The First Battery
The famous Italian scientist Luigi Galvani, while studying the anatomy of a frog, accidentally discovered that when the dissected frog’s muscles were touched with a charged (with static electricity) metal, it would agitate the frog and make its ligaments twitch. Another renowned Italian scientist Allesandro Volta was quick to understand the principle acting behind the above phenomena. He realized that there was something inside the frog’s flesh which reacted with electricity to produce the twitching effect. He was able to successfully reverse the process and, in fact, produce electricity.
It wasn’t hard for him to find out that the frog’s flesh, which acted like an electrolytic chemical when brought in contact with two different metals, could generate electricity. He further went on with his research and in 1800 made the first electricity producing battery using two dissimilar metals (zinc and silver) immersed in an electrolyte consisting of sulphuric acid.
His experiment may be understood as follows:
- The electrolyte sulphuric acid used is present as 2H+ and SO42-.
- The negatively charged sulphate ions (SO42- ) react with the zinc plate or electrode and the hydrogen ions react with the silver electrode producing a potential difference across them.
- When the two electrodes are connected externally, the circuit becomes completed to initiate the flow of electrons and constitutes the generation of electricity.
- Hydrogen gas is released during the process as a byproduct.
The following chemical reactions are involved in the process:
Zn → Zn2+ + 2e-
2H+ + 2e- → H2
From the above discussion, the idea becomes pretty simple to understand: by inserting two dissimilar metals into a chemical substance, electricity can be generated.
Electricity From Plants
We know that plant and fruit cells internally are made up of various kinds of dissolved minerals in a liquid form constituting the cell sap. This cell sap is present inside all plants, vegetables and fruits, and is ideally suited to conduct electrons and also generate electricity (though quite feebly).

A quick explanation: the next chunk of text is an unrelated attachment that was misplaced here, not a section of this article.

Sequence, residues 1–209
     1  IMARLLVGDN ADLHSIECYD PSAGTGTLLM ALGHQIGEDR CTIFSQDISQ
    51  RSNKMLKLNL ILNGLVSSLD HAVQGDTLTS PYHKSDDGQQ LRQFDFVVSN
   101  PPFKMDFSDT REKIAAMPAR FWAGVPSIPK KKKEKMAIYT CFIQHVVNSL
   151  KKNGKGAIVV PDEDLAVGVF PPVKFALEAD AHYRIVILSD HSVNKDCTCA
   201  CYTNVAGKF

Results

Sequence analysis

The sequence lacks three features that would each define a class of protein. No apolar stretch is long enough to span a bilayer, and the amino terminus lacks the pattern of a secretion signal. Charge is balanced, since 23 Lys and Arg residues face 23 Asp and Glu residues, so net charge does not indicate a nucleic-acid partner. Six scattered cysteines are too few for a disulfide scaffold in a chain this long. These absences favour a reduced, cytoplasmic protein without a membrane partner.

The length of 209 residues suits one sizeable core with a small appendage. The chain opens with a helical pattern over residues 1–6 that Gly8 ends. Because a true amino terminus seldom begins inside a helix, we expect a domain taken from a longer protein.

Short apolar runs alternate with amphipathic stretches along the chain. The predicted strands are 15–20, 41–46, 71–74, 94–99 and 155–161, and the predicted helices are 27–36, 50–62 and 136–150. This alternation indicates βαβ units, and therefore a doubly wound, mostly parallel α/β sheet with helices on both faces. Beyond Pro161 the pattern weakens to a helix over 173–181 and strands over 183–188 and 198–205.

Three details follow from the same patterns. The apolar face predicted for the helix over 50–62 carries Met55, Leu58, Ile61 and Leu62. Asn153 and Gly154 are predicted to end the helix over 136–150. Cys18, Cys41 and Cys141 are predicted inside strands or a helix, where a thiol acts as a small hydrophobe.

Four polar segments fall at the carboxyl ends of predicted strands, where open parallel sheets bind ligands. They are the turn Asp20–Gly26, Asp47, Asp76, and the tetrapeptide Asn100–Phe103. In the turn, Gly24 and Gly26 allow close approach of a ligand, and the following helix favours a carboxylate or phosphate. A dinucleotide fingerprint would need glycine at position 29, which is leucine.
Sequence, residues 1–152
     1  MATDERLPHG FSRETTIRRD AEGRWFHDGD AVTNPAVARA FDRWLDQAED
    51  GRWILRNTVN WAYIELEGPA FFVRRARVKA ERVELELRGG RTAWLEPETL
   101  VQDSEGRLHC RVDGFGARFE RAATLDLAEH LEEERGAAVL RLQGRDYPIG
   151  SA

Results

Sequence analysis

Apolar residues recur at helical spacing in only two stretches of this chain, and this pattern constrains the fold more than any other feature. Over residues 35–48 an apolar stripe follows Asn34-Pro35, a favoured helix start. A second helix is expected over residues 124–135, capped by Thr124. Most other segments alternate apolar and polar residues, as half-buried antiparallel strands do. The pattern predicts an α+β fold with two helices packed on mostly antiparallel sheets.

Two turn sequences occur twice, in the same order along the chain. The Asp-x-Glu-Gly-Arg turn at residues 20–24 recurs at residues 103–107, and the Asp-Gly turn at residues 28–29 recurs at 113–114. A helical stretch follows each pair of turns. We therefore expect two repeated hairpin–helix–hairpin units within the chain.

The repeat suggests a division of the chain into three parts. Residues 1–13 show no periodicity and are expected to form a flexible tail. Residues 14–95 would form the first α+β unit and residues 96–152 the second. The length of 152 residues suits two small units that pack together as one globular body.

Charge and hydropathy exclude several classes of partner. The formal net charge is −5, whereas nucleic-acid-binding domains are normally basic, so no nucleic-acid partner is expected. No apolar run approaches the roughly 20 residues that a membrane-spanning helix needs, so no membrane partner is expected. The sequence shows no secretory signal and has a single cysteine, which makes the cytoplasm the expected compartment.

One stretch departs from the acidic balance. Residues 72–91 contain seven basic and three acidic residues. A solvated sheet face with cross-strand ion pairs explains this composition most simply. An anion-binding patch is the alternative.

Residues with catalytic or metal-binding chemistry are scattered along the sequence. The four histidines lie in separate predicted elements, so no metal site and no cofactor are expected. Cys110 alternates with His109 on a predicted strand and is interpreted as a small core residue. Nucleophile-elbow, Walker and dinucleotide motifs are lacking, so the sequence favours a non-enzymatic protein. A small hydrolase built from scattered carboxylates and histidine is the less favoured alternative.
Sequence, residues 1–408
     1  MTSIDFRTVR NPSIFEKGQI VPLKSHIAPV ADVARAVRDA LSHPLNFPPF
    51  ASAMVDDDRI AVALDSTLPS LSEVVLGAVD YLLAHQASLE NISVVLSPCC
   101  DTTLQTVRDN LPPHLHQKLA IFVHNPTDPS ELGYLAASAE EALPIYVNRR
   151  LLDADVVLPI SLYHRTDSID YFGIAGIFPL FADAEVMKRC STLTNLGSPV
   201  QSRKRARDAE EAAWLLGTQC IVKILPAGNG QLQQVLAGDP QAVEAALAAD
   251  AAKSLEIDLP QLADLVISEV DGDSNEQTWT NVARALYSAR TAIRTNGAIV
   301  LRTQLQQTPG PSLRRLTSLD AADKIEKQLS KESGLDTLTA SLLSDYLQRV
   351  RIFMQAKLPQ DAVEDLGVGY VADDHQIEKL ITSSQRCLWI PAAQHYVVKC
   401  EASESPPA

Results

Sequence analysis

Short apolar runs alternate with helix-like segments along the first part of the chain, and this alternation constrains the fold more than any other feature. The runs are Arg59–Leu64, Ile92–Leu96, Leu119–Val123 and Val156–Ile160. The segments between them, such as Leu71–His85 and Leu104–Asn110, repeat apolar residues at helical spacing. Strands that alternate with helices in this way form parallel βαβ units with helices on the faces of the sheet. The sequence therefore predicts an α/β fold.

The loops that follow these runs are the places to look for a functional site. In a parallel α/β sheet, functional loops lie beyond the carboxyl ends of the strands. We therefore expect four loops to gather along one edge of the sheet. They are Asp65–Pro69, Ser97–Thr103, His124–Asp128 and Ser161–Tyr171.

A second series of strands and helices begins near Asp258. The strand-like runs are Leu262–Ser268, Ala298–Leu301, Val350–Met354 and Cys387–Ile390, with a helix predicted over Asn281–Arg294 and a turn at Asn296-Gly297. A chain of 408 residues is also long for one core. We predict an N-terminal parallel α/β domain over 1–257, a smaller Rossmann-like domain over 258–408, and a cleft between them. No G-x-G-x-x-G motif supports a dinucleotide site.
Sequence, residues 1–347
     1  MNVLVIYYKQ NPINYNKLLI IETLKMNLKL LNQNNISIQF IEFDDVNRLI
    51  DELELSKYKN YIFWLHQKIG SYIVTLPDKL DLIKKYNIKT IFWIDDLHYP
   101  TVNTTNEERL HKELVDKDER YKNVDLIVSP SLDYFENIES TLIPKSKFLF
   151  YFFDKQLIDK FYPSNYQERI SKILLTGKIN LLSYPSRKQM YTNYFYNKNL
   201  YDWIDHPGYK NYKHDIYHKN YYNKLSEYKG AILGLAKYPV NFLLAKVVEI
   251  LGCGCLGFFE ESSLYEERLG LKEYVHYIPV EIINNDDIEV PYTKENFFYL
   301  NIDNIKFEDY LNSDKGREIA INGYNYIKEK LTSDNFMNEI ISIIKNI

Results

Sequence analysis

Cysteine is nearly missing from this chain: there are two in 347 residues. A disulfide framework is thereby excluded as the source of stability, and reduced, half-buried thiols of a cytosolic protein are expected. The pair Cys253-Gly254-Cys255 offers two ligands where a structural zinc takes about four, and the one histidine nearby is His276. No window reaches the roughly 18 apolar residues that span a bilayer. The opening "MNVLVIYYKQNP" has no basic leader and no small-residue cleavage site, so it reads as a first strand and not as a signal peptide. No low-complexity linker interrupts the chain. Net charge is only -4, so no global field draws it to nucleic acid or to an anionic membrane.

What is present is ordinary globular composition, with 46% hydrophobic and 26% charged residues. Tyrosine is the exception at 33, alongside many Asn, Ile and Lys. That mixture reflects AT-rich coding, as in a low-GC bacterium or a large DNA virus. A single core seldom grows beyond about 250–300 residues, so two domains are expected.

This cell sap may be effectively used as an electrolyte, and by introducing two dissimilar metals into its path, a chemical reaction as explained above can be initiated. Let’s try this out with a simple experiment.
You will need the following things for the experiment:
- A large size healthy and fresh potato
- A zinc plate (may be derived by stripping off the outer cover of a dead dry cell and cutting it into a thin small strip)
- A copper plate ( you may use a thick copper wire instead, retrieved from an old transformer or from some other source as desired. The more surface area it carries, the better.)
- A red LED and wire assembly (as shown in the diagram)
- A couple of alligator clips
Make an LED Light Up Through a Potato
The following steps will easily help you make a potato battery:
Begin by cleaning thoroughly the zinc and the copper metal. It is best done by scrubbing them with an emery paper. Make sure the metals are as clean as possible, free from any external enamel, oxidization or dust particles.
Carve out their other ends into pointed or sharp terminals (You may want to ask for an adult’s help with this).
Now, holding the potato firmly into your left palm, cut through and dig into the pulp of the potato using the sharp ends of the metal so that they get fixed into the potato firmly. Make sure that the metals are separated by A sufficient distance so as to include maximum amount of pulp in between them.
Take a digital multimeter, set it to the millivolt range.
Now connect the terminals of the digital multimeter across the copper and the zinc strip. You will be surprised to see a nice little potential difference of at least 0.4 volts developed across them. You won’t have enough power to light up the LED with just one potato because the minimum forward voltage of an LED (red) is around 1.5 volts.
The above criteria can be easily fixed by making 3 more such potato assemblies and then connecting them in series as shown in the diagram. Ultimately you should be left with a single free copper strip on the first potato and a single free zinc strip on the last potato.
Once you have finished preparing four of the potato circuits, make an LED wire assembly by connecting (preferably by soldering) two pieces of short flexible wires to the LED terminals.
Also connect the alligator clips to the other free ends of the wire.
Now simply attach the alligator clips (cathode to zinc, anode to copper) to the two free metal electrodes of the first and the last potato.
You should be immediately able to witness a nice glow on the LED. If possible take the whole assembly to some dark corner of your house to see the illumination more distinctly. This potato battery is primitive in its design and is able to produce just enough power to make the LED glow. You may try lemons in place of potatoes to get better results, since acidic electrolytes (lemon juice contains citric acid) are ideally suited to generate electricity in the above manner and produce more efficient results.
Hopefully the above experiment helped you understand how and why fruits and vegetables conduct electricity.